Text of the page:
By January 2019, many so-called experts had already written the economic expansion’s epitaph. Even those who hadn’t gone so far as to predict its demise had clearly written off 2019. Some had solid reasoning for doing so – certainly there were headwinds. Others perhaps were distracted by the noise that seemed to be coming from all around us. Last year the commotion was as loud as it was relentless; I mean how is it possible that a year which gave us protectionism, trade wars, impeachment and the longest government shutdown in U.S. history also gave us the best stock market returns since 1997? Perhaps the market is just good at tuning out the noise.
In 2019, the S&P 500 managed to hit all-time highs 34 times. As the year progressed and the markets continued their upward march, the calls of the expansion’s demise only grew louder as ominous clouds gathered over the bond market. Thanks to the media and its ever-present alarm bells, everyday folks were treated to the complexities of the yield curve, a mind-numbing sleep aide typically reserved for us geeky economic sorts. To hear the case for recession as told by the noise makers, recessions have occurred all four times since 1982 that the yields of short-term bonds have been higher than the yield of long-term bonds (a yield curve inversion) – a very high correlation indeed. The challenge comes in interpreting such a limited set of data and trying to divine such wisdom by excluding all other available data sets. Would you be surprised to know there is a very high correlation between per-capita cheese consumption and the number of deaths by entanglement in bed sheets? To my knowledge, no one is mounting a social media Save the Sleepers! campaign by boycotting Gouda. To be sure, the yield curve is a very important piece of data, but it’s important to keep it in perspective and to also consider that the average time between inversion and recession is 18 months.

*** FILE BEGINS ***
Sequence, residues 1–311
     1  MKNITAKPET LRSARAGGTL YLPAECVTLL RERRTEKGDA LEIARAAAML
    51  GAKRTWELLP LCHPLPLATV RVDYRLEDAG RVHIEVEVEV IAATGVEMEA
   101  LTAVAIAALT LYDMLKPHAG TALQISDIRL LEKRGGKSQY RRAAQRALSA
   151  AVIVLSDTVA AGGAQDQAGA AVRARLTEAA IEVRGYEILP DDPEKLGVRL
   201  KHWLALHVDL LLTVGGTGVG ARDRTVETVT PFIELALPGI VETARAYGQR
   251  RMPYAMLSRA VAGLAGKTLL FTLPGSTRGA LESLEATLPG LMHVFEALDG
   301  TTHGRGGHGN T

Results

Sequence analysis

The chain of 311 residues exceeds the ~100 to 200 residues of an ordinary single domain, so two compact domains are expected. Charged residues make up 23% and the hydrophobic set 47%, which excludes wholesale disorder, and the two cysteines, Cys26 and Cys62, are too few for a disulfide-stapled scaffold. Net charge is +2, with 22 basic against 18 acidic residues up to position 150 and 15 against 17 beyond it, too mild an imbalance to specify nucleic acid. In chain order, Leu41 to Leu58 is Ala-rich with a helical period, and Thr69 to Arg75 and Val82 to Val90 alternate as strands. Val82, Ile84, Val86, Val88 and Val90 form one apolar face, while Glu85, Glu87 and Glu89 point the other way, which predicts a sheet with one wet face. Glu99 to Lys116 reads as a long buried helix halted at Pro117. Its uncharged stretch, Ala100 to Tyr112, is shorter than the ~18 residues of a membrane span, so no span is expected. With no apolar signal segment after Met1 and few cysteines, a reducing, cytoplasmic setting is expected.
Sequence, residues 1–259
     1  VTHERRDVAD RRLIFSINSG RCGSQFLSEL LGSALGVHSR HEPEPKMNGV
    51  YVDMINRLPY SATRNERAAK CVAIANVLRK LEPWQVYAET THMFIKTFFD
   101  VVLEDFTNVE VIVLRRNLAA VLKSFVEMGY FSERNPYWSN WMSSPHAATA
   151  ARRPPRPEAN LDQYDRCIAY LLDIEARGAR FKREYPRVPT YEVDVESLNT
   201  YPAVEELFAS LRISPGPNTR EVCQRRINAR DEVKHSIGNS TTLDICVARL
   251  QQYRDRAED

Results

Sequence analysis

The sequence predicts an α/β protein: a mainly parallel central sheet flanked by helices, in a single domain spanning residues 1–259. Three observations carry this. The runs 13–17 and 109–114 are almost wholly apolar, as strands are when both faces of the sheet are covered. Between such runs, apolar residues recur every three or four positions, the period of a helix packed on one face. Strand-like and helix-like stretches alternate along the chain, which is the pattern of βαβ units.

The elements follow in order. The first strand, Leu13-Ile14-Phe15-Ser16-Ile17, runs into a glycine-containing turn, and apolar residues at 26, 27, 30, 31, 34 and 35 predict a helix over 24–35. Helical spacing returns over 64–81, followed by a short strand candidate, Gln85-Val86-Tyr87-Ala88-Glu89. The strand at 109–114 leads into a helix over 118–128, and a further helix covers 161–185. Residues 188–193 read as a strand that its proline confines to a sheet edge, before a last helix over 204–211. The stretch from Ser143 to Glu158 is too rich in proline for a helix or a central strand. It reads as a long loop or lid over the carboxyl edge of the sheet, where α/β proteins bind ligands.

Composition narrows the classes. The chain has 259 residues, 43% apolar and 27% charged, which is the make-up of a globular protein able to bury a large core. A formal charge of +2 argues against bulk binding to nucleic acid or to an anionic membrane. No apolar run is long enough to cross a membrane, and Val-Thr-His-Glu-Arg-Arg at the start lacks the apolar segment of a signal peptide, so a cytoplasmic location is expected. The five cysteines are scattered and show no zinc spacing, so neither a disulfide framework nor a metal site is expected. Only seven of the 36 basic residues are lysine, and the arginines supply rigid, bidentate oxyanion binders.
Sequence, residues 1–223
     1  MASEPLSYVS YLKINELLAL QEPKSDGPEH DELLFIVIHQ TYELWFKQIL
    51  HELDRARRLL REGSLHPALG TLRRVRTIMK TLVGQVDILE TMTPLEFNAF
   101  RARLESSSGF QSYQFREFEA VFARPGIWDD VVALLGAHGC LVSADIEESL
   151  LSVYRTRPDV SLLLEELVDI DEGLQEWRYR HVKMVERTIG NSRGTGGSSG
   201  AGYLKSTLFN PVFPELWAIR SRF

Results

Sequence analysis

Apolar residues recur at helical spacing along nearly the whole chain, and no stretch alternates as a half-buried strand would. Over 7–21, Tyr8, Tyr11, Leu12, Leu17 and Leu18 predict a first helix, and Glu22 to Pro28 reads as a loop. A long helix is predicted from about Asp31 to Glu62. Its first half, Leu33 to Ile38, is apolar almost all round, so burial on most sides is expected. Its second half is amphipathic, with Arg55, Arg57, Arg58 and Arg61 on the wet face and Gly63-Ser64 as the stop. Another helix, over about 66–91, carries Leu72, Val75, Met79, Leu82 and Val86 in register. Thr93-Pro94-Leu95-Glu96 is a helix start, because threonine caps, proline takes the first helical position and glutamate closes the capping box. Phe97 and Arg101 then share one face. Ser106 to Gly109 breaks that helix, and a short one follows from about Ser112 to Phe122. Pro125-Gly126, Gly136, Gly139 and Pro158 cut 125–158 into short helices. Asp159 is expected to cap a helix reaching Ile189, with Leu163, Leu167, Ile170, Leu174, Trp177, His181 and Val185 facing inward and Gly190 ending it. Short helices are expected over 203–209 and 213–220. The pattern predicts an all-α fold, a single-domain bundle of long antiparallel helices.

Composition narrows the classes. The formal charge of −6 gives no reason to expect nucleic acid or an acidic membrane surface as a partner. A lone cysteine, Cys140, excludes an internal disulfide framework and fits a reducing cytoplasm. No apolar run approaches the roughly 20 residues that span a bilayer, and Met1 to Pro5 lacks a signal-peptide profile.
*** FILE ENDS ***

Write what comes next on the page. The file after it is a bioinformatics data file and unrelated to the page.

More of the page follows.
U.S. economic growth wasn’t spectacular in 2019, coming in at about 2% year-over-year. Further, corporate earnings were likely flat to only slightly positive. One large contributor to the outstanding 32% return of the S&P 500 index is what’s known as multiple expansion. An important piece of data is called the price-to-earnings multiple or P/E ratio. This describes the relationship between the prices of stocks and the earnings generated by the companies and is a good measure of how cheap or expensive a stock – or in our case an index – is. Entering 2019, the P/E ratio of the S&P 500 was 14.5. This means that investors were willing to pay $14.50 for each dollar of earnings generated by the S&P 500. Over the last 25 years, the average P/E ratio is 16.28. So, entering 2019, after the nearly 20% decline the S&P 500 suffered in the final quarter of 2018, stocks were pretty inexpensive. Recognizing that stocks were cheap, savvy investors were anxious to snap them up at bargain prices. Today the P/E ratio is 18.18, or almost $2 more than the average. While this is not yet cause for concern, it does call into question how much higher the markets can go without growth in earnings. It’s also worth considering that with bond yields as low as they are, investors looking to make money don’t have many alternatives, other than stocks. This could help to push the P/E ratio even higher.